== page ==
In a tradition dating back 100 years, herds of deer have been called out from the forest by the sound of a ceremonial horn in Japan’s ancient capital of Nara for the first time this summer season.
The ceremony took place on Sunday, Japan’s NHK World reported, with about 80 deer running from the woods after the horn was blown. Awaiting the deer was a crowd that had gathered to welcome them with acorns.
Nara is famous for its deer and about 1200 of them live in and around Nara Park (Nara-kōen), where they roam freely and enjoy National Treasure status (they were once considered messengers of the gods). The large park is also the location of several major tourist attractions, including World Heritage temple Tōdai-ji and its Daibutsu (Great Buddha), one of the largest bronze statues in the world.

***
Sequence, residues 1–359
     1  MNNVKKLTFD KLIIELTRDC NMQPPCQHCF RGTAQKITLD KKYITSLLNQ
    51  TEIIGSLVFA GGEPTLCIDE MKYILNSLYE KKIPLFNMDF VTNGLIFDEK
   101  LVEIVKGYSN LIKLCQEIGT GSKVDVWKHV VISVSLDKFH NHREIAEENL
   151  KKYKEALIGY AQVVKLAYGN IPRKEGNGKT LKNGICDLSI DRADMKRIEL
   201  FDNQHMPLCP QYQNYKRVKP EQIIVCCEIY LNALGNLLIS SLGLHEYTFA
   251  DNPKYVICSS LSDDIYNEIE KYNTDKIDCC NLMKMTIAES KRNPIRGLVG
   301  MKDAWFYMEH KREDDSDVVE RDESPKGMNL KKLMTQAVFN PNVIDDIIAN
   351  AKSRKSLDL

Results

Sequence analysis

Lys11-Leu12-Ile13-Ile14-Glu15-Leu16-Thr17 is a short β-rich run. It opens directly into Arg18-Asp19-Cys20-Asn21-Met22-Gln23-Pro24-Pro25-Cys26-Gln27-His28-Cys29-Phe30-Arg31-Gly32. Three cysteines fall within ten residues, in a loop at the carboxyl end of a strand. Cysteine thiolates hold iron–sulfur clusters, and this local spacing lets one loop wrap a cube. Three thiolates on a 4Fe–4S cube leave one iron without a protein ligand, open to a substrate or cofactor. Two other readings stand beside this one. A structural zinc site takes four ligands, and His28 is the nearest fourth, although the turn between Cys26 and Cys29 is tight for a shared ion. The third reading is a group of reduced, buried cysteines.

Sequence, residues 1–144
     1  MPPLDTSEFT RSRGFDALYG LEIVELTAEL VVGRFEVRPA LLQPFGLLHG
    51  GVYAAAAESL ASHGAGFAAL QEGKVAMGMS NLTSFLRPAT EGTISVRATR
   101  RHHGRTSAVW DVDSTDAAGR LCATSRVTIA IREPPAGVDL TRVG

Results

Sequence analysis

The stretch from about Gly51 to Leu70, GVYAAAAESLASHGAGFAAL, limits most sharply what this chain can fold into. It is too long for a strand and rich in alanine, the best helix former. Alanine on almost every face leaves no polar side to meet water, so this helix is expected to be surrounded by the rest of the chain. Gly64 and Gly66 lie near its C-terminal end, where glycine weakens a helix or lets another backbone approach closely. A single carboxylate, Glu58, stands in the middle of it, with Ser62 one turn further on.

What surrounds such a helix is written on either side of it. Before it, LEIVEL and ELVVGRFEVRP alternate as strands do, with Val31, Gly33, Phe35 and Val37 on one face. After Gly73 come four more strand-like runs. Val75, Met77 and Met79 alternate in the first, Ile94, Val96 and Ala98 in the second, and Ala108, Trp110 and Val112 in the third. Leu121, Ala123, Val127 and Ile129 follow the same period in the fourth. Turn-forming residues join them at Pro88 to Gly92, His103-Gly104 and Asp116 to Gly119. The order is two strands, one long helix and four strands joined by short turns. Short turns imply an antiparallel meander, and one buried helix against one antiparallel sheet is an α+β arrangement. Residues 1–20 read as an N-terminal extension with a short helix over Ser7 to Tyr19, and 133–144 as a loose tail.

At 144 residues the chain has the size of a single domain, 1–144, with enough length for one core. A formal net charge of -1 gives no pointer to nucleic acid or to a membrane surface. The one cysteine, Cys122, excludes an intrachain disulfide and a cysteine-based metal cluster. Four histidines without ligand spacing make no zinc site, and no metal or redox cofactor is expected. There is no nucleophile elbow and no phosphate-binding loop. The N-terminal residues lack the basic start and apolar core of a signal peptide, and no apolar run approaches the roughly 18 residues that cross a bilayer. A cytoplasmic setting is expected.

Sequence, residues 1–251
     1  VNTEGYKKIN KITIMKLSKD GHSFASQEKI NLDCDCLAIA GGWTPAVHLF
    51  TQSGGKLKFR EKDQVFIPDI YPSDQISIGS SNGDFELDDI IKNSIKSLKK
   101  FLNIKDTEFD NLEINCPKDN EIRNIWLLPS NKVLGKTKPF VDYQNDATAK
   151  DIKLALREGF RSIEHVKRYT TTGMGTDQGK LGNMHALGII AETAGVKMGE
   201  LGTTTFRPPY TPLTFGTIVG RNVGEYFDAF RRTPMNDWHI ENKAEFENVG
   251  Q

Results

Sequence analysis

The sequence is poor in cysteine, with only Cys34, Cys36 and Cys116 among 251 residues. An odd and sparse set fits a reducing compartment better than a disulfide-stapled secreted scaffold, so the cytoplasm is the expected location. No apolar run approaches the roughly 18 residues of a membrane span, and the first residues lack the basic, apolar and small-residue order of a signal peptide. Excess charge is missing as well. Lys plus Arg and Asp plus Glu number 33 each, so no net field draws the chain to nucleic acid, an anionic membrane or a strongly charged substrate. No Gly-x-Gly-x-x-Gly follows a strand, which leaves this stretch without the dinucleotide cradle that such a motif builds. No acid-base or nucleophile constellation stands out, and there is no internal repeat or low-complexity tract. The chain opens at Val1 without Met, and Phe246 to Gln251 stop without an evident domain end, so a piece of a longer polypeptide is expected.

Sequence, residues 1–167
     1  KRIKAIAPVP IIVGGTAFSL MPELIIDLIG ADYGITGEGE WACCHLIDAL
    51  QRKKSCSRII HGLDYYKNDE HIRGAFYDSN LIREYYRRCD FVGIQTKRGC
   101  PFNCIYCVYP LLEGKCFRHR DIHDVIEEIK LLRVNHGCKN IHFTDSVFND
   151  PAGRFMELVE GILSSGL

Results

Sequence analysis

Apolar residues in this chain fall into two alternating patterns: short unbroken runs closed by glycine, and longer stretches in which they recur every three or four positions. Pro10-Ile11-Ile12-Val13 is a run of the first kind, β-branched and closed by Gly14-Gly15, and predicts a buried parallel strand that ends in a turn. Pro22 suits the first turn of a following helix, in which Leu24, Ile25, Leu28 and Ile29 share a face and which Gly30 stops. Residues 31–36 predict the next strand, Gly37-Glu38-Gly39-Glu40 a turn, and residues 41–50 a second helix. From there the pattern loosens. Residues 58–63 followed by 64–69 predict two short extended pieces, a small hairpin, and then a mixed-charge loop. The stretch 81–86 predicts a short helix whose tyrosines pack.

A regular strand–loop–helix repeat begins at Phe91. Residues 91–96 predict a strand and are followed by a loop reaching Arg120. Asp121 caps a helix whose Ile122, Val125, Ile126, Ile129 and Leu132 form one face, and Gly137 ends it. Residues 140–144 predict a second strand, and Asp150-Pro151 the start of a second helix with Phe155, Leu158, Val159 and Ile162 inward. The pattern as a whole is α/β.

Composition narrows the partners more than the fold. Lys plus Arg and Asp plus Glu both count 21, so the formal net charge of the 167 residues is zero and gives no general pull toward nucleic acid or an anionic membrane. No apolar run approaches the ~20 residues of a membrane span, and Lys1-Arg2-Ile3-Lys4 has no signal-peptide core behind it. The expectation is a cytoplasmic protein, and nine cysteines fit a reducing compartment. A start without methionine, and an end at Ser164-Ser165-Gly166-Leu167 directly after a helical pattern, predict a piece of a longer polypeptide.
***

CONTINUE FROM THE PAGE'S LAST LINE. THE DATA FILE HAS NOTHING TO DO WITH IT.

Nara’s deer have been mingling with tourists in the city for decades, and are not shy about getting food from visitors – it’s not uncommon for deer to surround or chase people for food handouts. Local authorities warn not to get too taken in by their cuteness.
The deer call ceremony will be repeated on weekends and holidays during August.